TACLOBAN CITY – The regional office of the Bureau of Fisheries and Aquatic Resources (BFAR) has issued stern warning against consumption of shellfish following recent spate of widespread red tide bloom in Eastern Visayas that has already killed two children. The BFAR-8 said that red tide toxins found on May 27 in Irong-Irong Bay in Tarangnan, Samar and Cambatutay Bay in Catbalogan City have extended to nearby Maqueda Bay, Villareal Bay and Carigara Bay. Maqueda Bay which encompasses the town of Jiabong, Catbalogan City, Motiong, Paranas, Pinabacdao, Hinabangan, San Sebastian, and Calbiga, all in Samar, is a major source of mussel in the region.
The area has been shipping shellfish to Manila for export. BFAR Regional Director Juan Albaladejo said that a family of seven from Barangay Cagutsan, Sierra Island in Catbalogan City was brought to the Samar Provincial Hospital (SPH) and later to the Eastern Visayas Regional Medical Center (EVRMC) after consuming pen shell locally known as “sarad.” An 11-year-old girl from the family died due to paralytic shellfish poisoning on July 17. On July 20, another family from Brgy. San Andres, also in Catbalogan, consumed mussels for dinner bought from a village market. Two of their children were hospitalized after suffering severe stomach pain. The five-year-old boy succumbed at the SPH the same day due to dehydration. As of this week, seven patients are still confined in hospital after eating red tide-infected shellfish. The fisheries bureau asked local government units to assist in the information drive and enforcement of shellfish ban, which strictly prohibits consumption, trading, and transport of shellfish gathered from infested bays.
“It’s unfortunate that these incidents happen despite (our) effort to warn the public starting from the onset of red tide recurrence,” Albaladejo said. “We reiterate our public advisory to refrain from eating, harvesting, marketing, and buying shellfishes from affected bays until such time that the shellfish toxicity level has gone down below the regulatory level,” he added. Fish, squid, shrimp and crab are safe to eat “provided that they are fresh and washed thoroughly and internal organs such as gills and intestines are removed before cooking,” according to BFAR.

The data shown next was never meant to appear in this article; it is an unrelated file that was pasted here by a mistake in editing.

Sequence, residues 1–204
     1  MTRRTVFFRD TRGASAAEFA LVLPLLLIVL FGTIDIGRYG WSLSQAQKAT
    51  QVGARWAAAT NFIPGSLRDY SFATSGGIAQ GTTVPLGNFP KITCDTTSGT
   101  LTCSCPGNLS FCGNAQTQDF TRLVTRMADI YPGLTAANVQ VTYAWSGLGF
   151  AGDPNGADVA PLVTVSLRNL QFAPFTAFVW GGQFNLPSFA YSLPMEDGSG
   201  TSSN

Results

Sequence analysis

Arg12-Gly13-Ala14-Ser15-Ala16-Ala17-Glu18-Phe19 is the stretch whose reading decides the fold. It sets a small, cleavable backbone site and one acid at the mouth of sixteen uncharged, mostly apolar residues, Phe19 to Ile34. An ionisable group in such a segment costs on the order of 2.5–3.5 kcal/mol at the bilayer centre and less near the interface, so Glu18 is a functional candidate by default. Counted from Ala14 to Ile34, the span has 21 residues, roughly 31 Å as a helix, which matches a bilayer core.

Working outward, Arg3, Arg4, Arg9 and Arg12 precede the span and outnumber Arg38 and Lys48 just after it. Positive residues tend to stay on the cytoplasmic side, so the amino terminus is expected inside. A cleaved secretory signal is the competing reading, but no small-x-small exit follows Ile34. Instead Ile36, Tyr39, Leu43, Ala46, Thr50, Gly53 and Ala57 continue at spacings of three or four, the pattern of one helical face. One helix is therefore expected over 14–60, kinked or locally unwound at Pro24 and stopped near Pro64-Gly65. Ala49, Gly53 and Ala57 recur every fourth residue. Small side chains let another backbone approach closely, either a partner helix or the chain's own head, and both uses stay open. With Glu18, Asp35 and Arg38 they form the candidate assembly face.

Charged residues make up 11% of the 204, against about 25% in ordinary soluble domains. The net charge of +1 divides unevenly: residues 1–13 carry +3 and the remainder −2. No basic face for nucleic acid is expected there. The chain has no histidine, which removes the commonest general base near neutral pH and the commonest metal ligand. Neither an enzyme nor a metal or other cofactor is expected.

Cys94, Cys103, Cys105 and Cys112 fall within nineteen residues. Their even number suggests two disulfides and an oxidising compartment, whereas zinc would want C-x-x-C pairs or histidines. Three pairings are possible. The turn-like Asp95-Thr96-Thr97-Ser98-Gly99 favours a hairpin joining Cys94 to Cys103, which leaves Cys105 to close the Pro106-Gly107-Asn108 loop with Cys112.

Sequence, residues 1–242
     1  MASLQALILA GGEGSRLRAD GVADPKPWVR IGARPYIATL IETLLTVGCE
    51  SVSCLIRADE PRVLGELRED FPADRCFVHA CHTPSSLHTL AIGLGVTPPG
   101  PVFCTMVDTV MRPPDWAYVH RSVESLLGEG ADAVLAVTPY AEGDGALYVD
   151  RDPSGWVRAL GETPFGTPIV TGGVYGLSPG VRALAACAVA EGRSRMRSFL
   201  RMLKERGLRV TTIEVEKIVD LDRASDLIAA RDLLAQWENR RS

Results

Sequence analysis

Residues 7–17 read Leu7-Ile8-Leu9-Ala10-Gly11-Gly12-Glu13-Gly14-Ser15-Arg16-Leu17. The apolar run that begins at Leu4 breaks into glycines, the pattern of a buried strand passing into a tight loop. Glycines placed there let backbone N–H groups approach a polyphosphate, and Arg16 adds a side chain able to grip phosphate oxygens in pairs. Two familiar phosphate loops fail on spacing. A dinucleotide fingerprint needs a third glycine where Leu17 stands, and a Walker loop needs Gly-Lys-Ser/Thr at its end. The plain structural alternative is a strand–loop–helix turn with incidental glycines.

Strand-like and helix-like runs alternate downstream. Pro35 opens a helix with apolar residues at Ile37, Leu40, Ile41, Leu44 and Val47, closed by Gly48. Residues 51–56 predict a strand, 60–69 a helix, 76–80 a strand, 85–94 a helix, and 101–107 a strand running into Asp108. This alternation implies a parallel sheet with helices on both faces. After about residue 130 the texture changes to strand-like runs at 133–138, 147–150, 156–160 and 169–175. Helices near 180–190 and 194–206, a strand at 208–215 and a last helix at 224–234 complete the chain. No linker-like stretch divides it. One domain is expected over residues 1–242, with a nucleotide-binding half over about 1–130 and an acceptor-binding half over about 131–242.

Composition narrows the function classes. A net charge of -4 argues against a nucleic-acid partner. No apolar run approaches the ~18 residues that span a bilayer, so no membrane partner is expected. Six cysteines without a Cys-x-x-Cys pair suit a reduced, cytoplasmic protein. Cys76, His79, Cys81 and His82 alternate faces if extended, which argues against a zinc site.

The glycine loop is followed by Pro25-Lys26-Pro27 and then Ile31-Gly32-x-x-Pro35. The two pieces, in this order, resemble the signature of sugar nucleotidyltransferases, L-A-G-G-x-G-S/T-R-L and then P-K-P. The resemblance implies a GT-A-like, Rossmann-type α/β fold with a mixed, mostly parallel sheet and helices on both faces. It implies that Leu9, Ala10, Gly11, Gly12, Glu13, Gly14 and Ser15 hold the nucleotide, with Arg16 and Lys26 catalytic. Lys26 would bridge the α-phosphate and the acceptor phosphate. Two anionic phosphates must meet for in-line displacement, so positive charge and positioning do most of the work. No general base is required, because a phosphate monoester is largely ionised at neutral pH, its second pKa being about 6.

In Eastern Samar, BFAR also raised red tide alert over Matarinao Bay after they found toxins from shellfish meat samples gathered from the bay. In its advisory issued late afternoon on July 22, the fisheries bureau disclosed that there are 65 saxitoxins per 100 grams of meat from shellfish gathered in Matarinao Bay. “This is above the regulatory limit because the normal should be below 49 saxitoxins per 100 grams of shellfish meat,” Albaladejo said. Saxitoxin is a principal toxin responsible for a human illness known as paralytic shellfish poisoning. Some shellfish can store this toxin for several weeks and very harmful if consumed by humans. Fish from affected bay are safe for human consumption so long as they are cleaned and washed thoroughly and internal organs are removed before cooking. Matarinao Bay covers the coastal waters of Salcedo, Quinapondan, Hernani, and Gen. MacArthur in Eastern Samar. The bay has been subject to regular monitoring after recurrence of red tide bloom. The last one was in 2013, which lasted for almost a year. In the last quarter of 2015, the region was hit by what the BFAR described as the biggest red tide bloom that has not been seen in more than three decades. (SARWELL Q. MENIANO/JAZMIN BONIFACIO)